Natural phenom could serve global clean energy future
A pilot power plant in Norway will be the first of its kind to generate clean energy by mixing seawater and fresh water. IDE Technologies is partnering with Europe's largest renewable energy company, Statkraft, to develop a 2 MW Osmotic Power Generation pilot plant in Sunndalsøra, Norway. The plant will be capable of operating in any type of weather, 24/7.
At the Osmotic power plant, fresh water and salt water are guided into separate chambers, divided by an artificial membrane. The salt molecules in the sea water pull the freshwater through the membrane, increasing the pressure on the sea water side. The pressure creates a significant waterfall to be utilized in a power generating turbine. This energy can be utilized for the generation of power through the natural phenomenon of osmosis -- the transport of water through a semi-permeable membrane.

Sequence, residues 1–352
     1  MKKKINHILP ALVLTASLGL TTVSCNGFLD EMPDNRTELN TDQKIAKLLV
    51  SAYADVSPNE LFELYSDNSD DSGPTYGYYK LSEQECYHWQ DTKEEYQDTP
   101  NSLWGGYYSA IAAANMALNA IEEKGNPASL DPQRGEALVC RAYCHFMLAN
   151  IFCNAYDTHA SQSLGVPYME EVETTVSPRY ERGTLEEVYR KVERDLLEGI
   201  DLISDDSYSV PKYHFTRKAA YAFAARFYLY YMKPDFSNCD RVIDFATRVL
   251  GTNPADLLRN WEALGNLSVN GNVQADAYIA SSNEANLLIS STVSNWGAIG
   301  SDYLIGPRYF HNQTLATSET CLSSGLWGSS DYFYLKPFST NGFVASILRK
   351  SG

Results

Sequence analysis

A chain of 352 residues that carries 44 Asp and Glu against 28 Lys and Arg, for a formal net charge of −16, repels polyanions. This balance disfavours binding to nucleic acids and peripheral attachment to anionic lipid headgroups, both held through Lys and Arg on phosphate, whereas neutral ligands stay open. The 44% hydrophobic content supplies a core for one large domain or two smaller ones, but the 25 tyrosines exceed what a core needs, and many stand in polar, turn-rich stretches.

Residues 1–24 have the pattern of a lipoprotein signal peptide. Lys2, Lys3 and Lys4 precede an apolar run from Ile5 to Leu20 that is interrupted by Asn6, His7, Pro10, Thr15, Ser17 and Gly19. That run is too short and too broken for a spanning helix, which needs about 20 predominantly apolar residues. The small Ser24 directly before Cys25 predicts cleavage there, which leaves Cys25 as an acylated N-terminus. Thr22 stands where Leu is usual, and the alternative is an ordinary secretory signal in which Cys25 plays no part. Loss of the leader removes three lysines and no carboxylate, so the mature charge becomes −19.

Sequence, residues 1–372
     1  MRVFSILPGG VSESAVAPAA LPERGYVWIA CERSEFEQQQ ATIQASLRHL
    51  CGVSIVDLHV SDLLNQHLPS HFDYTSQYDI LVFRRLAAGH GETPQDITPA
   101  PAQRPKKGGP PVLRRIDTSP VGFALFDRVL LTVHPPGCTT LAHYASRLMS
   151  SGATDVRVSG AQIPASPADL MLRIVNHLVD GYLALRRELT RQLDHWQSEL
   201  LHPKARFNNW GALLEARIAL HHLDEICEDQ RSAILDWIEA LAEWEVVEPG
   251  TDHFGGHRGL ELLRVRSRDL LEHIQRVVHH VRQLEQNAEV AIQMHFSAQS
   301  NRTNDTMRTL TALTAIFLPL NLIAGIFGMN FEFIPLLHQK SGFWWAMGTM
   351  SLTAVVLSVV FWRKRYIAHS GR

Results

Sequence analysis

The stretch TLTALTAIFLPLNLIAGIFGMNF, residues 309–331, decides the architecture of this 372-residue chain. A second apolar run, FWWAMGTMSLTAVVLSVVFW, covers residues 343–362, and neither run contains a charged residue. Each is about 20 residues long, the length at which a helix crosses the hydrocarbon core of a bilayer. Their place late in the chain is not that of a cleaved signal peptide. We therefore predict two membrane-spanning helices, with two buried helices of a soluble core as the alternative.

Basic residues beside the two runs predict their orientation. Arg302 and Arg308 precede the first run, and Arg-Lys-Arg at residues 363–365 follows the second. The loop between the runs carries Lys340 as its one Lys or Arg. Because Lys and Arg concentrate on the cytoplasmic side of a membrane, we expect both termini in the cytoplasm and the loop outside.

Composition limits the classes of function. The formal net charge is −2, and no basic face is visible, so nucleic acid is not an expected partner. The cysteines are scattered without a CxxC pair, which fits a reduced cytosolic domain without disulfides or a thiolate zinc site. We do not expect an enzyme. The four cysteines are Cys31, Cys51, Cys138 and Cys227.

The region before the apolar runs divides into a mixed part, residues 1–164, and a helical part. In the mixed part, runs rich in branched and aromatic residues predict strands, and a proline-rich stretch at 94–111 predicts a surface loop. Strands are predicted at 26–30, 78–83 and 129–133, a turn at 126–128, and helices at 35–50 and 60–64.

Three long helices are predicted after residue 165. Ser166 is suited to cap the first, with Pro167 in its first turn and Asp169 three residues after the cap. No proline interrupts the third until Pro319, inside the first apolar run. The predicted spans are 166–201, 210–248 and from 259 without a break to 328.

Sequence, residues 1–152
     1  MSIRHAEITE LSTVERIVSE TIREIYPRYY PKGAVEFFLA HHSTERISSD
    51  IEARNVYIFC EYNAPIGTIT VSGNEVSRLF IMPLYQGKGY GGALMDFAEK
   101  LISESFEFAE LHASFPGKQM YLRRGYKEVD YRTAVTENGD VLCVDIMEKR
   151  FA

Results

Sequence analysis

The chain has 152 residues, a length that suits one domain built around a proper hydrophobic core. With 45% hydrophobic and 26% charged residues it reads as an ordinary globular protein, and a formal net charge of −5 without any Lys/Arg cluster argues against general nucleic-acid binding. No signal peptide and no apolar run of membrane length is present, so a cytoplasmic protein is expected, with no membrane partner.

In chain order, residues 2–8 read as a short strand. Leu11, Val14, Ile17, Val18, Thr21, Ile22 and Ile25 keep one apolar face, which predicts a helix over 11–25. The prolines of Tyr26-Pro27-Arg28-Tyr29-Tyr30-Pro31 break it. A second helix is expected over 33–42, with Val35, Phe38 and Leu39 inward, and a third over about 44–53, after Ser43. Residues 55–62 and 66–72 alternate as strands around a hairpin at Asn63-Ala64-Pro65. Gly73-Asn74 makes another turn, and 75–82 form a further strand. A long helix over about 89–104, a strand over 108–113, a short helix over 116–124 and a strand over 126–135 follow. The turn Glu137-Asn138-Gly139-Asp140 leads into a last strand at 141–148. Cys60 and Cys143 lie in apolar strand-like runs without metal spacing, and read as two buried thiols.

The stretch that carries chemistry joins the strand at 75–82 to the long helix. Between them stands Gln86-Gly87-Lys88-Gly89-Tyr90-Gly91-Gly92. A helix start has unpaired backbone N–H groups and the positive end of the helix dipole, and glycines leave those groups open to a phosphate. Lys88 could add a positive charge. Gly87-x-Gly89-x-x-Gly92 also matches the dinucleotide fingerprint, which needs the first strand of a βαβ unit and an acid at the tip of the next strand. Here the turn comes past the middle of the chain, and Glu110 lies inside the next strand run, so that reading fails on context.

Most of the plant will be based on existing technology used in desalination and other industries. However, IDE will design the energy recovery system, as well as the fresh water and seawater pretreatment.
A transition to renewable energy is one of the most important measures to combat climate change. Because osmotic power enables clean power production at any place where rivers and lakes meet the seashore, it represents the potential for renewable, zero carbon-dioxide footprint, seafront power plants worldwide.
The reach of osmotic power is huge with global potential of 1600 to 1700 TWh -- equal to China's total electricity consumption in 2002 -- but large commercial investments in renewable energy are needed and technological innovation is a crucial enabler for a low-carbon future. With these considerations, osmotic power could meet its clean energy potential by 2050.
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